"Arabella, dowdy, but exclusive"), no sooner heard that magic name than her whole demeanour changed. The little dignity and resolution she had assumed fell like a veil, and it was soon agreed between the two women that Teresa should be sent for on the morrow.
"The nuns must bring her to London," said Blanche, "for Sidney hates the Channel, and it is death to me."
Yet she had crossed it on the great occasion of her elopement.
Four days after this interview between Lady Warcop and her sister, Sir Sidney might have been seen making his way towards Bedford Row. In person he was unusually handsome, his head and features reminding one in a striking degree of the popular representation of Cicero, while his extraordinarily brilliant blue eyes and lively hair did full justice to his Celtic origin. As in the case of Agamemnon, there were many men taller than he, but in a crowd he was not to be matched for grace and majesty of movement. There was, however, a certain studied ease in his gestures, a premeditated charm in his manner, which to those who disagreed with his politics made insincerity seem the sincerest thing about him. But if he had not a guileless soul, he had at least immaculate linen, which so dazzled the spectator by its purity that to a cynical mind it might have seemed that in this generation a good laundress is more useful than a clean record.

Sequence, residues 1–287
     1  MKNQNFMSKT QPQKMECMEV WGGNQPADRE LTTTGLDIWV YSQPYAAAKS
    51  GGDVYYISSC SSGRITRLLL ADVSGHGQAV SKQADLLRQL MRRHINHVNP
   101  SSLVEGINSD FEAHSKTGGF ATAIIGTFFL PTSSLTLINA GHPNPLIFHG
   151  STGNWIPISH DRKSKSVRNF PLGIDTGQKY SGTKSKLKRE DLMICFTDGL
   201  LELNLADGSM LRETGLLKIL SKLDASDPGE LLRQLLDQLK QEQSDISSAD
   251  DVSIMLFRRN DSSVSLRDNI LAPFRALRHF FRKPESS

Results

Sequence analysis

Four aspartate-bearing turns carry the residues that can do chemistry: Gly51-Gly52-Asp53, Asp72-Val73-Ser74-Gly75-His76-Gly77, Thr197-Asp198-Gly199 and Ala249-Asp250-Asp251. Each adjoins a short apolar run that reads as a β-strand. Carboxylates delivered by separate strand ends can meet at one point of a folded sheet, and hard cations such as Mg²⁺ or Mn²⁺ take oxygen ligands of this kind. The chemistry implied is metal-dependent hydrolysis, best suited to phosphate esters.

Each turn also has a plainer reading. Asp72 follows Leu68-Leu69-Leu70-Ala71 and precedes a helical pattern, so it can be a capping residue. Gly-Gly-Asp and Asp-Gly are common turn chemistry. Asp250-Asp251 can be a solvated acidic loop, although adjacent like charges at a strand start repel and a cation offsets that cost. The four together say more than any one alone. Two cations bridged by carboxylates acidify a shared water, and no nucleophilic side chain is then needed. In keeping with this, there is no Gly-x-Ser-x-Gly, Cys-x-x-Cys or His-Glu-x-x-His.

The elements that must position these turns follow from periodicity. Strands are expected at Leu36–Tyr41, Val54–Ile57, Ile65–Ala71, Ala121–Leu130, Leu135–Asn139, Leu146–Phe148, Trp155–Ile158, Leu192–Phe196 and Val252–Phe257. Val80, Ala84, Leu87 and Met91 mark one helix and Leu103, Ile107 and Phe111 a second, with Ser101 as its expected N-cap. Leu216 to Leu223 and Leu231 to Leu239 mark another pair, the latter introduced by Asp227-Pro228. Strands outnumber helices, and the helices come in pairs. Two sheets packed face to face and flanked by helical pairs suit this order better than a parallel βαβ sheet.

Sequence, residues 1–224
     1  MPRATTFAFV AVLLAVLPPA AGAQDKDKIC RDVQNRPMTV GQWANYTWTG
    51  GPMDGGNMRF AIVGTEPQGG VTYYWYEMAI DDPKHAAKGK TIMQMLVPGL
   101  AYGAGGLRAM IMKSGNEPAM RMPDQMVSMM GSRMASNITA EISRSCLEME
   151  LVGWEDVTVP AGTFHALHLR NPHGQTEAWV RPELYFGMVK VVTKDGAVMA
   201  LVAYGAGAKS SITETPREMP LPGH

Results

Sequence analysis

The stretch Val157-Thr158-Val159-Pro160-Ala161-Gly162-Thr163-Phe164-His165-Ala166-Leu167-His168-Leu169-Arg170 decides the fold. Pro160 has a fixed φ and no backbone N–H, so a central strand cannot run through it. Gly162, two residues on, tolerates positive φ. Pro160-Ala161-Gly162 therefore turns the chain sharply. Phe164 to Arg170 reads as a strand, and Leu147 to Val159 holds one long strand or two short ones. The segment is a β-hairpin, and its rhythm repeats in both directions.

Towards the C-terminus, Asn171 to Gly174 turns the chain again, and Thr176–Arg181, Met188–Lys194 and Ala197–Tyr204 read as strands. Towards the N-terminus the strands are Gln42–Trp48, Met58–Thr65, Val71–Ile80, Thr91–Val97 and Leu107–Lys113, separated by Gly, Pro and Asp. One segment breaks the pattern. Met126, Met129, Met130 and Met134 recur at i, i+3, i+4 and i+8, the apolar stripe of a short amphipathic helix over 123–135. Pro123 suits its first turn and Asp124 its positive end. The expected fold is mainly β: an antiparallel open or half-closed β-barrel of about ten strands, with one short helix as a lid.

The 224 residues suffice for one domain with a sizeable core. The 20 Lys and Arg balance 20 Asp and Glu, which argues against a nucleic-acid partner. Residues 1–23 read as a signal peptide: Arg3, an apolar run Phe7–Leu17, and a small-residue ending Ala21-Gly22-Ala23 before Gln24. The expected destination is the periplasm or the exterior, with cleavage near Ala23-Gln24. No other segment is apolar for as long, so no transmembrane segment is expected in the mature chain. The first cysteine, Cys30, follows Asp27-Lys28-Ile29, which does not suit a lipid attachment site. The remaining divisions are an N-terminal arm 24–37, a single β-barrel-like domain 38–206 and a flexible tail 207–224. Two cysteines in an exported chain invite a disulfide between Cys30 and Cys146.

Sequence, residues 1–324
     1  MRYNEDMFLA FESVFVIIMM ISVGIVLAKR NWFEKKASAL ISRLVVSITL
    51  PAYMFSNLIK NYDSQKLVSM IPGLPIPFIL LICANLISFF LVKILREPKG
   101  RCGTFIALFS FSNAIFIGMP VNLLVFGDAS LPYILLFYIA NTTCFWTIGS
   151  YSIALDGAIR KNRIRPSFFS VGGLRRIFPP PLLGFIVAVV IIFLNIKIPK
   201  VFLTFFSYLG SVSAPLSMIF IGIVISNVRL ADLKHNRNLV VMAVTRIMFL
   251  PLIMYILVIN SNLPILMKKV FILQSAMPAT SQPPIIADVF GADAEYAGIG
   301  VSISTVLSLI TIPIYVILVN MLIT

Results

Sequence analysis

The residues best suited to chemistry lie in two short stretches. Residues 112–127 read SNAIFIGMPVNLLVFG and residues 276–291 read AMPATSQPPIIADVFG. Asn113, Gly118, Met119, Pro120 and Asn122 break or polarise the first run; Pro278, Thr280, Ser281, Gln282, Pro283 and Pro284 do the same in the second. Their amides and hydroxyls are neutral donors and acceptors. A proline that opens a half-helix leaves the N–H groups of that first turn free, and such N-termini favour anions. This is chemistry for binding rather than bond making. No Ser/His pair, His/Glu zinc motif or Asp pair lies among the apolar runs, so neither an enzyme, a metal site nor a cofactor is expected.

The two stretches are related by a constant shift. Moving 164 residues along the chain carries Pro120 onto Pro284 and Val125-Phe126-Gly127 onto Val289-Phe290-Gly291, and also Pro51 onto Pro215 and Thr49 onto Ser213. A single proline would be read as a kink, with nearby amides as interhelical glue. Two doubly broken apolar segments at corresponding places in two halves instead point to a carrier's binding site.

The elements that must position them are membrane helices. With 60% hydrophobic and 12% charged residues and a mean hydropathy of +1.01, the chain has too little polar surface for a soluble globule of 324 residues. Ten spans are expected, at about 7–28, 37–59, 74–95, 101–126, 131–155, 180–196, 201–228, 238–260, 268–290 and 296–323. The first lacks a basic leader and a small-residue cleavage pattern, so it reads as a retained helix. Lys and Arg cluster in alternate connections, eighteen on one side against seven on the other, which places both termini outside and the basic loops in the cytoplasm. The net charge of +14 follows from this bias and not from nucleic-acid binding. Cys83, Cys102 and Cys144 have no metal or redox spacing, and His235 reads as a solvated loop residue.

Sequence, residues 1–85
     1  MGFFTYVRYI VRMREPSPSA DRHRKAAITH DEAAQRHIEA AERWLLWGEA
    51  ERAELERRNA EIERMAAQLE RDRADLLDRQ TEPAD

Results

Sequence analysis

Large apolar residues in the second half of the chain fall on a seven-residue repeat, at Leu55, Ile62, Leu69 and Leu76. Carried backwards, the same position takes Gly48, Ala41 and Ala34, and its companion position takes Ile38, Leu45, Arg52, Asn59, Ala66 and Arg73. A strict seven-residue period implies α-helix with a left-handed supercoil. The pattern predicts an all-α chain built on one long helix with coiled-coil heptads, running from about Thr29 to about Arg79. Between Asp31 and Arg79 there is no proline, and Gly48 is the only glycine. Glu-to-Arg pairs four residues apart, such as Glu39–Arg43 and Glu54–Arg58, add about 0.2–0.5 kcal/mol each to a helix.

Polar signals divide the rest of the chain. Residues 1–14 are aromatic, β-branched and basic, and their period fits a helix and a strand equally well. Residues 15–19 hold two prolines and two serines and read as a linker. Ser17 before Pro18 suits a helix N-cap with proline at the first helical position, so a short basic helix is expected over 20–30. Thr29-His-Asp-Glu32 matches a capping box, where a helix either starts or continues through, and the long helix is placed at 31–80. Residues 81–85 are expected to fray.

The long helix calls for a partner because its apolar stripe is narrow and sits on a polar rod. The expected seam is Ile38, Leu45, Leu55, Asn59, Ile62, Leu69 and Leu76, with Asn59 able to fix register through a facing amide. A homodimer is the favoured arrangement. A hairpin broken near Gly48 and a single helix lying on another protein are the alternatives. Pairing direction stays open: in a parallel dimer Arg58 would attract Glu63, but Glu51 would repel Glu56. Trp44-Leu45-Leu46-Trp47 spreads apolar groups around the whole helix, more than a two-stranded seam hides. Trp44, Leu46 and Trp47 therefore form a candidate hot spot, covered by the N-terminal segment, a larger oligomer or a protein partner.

When Sir Sidney entered the private office of Mr. Robert Waddilove (of the firm of Waddilove, Shorn-